2 11 2008

I’ve heard that the Inspector Montalbano mysteries by Magdalen Nabb are quite good and have inspired many posts in the quarterly Novel Food blog event that Simona at Briciole and Lisa at A Champaign Taste host. However, I agree that traveling by armchair somewhere else in the world than Sicily would be preferable for our next book club pick, delicious as the books and the cooking are.

I have always wanted to read something by Elizabeth David and I have a novel on my To Be Read pile (tower, actually) called “Secrets of the Tsil Cafe” by Thomas Fox Averill about a young boy with dueling parents that run a catering company and Native American/Southwestern restaurant, respectively.

4 11 2008

I doubt this is in the vein of what others are thinking, but I just finished “gluten-free girl” by Shuana James Ahern and it is just amazing. It’s prose/memoir interspersed with recipes and her outlook on food is inspiring.

6 11 2008

I’m with Peter on Heat or Kitchen Confidential as the next book.. Anything by Anthony Bourdain is a great read!

6 11 2008

I haven’t read Alone in the Kitchen with an Eggplant yet. It looks good.

8 11 2008

Just some titles I came across …

The Saucier’s Apprentice: One Long Strange Trip through the Great Cooking Schools of Europe by Bob Spitz

High Bonnet: A Novel of Epicurean Adventures by Idwal Jones

Katish: Our Russian Cook by Wnada Frolov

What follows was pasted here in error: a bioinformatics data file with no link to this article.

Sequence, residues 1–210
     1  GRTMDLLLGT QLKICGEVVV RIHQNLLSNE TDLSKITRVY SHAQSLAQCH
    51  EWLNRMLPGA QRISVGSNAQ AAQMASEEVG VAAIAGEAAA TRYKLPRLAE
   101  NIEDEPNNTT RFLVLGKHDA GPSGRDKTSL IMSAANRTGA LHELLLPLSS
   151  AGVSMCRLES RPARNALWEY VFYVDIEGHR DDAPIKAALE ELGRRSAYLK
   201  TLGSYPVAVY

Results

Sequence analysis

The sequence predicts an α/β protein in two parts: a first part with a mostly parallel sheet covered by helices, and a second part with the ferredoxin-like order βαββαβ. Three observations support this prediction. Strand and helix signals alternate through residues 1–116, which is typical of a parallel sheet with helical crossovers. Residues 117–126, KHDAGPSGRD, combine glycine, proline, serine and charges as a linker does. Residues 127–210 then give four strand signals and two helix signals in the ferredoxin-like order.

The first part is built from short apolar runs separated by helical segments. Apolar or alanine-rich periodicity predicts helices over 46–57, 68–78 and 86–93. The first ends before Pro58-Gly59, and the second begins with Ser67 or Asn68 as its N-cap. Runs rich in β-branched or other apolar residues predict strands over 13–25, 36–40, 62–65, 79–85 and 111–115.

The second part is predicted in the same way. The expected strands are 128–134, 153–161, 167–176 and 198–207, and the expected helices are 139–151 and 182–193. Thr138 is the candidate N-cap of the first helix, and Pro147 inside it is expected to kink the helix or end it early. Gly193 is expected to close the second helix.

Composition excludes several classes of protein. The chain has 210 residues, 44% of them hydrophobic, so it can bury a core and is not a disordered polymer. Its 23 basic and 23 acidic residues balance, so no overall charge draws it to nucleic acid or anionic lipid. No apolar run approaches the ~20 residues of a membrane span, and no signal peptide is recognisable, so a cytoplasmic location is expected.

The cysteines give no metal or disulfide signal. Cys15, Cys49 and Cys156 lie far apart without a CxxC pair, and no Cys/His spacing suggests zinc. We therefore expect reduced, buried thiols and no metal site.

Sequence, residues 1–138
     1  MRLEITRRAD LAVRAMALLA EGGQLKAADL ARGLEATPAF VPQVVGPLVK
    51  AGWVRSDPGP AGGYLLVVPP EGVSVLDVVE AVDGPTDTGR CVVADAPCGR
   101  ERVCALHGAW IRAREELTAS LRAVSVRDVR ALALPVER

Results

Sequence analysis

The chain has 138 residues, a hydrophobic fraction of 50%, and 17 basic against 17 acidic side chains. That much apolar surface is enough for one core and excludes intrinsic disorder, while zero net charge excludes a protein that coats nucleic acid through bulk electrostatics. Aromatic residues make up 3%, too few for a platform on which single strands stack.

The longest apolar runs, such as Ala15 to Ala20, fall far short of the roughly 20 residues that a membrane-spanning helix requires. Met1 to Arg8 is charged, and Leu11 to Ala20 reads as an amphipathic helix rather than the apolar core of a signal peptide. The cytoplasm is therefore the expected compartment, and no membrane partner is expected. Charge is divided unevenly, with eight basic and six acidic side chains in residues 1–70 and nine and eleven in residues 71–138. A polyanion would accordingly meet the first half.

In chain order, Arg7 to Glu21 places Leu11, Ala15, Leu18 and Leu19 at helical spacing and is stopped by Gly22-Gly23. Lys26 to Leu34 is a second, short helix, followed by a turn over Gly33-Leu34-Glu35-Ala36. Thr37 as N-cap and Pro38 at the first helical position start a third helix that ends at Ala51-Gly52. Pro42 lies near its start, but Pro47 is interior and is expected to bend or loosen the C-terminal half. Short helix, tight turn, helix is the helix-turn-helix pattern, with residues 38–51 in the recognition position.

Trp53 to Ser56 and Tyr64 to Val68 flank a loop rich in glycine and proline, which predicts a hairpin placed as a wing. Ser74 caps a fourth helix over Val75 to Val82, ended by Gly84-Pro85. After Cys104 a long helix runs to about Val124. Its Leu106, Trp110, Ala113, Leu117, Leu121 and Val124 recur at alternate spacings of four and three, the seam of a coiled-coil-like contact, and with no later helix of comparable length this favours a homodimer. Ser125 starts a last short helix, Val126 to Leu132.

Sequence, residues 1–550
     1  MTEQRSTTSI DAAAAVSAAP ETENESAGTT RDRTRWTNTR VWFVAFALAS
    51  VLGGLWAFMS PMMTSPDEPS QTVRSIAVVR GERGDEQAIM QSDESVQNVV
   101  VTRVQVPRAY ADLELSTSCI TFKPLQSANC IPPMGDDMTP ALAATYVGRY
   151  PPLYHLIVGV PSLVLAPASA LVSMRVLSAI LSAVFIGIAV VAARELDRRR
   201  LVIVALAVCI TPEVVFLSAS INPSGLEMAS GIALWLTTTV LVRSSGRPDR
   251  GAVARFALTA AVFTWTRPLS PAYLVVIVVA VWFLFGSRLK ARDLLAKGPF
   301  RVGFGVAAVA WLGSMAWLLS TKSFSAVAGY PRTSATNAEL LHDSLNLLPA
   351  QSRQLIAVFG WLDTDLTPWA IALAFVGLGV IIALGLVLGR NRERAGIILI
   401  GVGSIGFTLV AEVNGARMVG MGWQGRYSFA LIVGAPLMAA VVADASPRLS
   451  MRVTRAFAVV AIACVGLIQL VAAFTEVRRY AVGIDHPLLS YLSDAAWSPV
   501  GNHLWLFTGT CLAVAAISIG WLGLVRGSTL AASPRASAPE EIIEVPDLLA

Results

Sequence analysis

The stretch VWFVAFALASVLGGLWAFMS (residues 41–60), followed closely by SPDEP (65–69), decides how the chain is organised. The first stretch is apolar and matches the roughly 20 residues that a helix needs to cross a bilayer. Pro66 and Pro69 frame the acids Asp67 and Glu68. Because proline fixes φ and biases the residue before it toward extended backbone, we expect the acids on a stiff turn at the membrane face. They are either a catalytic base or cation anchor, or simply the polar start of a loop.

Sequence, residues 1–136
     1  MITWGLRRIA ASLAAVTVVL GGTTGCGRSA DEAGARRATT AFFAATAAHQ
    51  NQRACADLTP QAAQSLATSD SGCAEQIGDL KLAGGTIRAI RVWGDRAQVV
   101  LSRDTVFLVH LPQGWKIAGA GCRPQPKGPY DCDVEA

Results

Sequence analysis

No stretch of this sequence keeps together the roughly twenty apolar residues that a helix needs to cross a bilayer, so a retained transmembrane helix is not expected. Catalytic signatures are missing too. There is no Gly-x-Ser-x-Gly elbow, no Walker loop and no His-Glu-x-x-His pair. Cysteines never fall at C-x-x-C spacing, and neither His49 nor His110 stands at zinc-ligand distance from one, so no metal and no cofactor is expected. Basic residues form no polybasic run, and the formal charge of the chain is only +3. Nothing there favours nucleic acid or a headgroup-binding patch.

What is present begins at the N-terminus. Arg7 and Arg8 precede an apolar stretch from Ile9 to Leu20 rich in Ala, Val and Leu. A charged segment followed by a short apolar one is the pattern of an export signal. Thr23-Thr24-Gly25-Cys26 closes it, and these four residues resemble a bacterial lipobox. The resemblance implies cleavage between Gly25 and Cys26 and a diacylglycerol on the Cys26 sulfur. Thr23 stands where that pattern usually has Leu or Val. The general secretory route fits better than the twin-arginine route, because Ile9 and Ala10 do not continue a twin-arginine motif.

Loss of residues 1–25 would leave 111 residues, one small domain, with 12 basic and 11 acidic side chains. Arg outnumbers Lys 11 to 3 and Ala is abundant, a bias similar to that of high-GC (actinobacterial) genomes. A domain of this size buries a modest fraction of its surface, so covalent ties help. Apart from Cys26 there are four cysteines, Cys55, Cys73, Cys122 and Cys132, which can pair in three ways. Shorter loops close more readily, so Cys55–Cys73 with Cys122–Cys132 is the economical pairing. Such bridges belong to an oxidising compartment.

13 11 2008

A couple of ideas –
The Splendid Table – How to Eat Supper sounds good.
Also – the follow up book to the Omnivore’s Dilemma – What to Eat(?) I forget the name.

14 11 2008

For non-fiction I recommend Mort Rosenblum’s “Olives”, “A Goose in Toulouse, and Other Culinary Adventures in France” and/or “Chocolate: a Bittersweet Saga of Dark and Light”. The last is new and the only of the three I haven’t read yet, but David Leibovitz recommended it on his blog and that’s good enough for me!

17 11 2008

I would love to read A Goose in Toulouse just so I could say that was what I was reading – what a great title!

6 12 2008

The book I am reading now would fit the catagory. Trail of Crumbs – Hunger, Love, and the Search for Home by Kim Sunee. It is a memoir of a South Korean girl adopted at about age three by a Louisiana couple. At the end of each chapter are elaborate recipes. Many of them are French where she lived for a time. Interesting, but sad.

28 01 2009

I enjoyed On Rue Tatin: Living and Cooking in a French Town by Susan Herrmann Loomis

26 04 2009

That is a great book, teapottery. The sweet olive biscuit recipe in it is lovely.

29 01 2010

I’m going to suggest another children’s book! What about Farmer Boy, by Laura Ingalls Wilder? I seem to remember that the food in that was amazing.

3 04 2011

One food-related book high on my ReadMeSoon list is Day of Honey: A Memoir of Food, Love, and War, by Annia Ciezadlo. There doesn’t seem to be a paperback edition of this yet.

Another old favorite that I want to reread is The Kitchen Congregation by Nora Seton. Ooo, and another I want to reread is Supper of the Lamb by Robert Farrar Capon.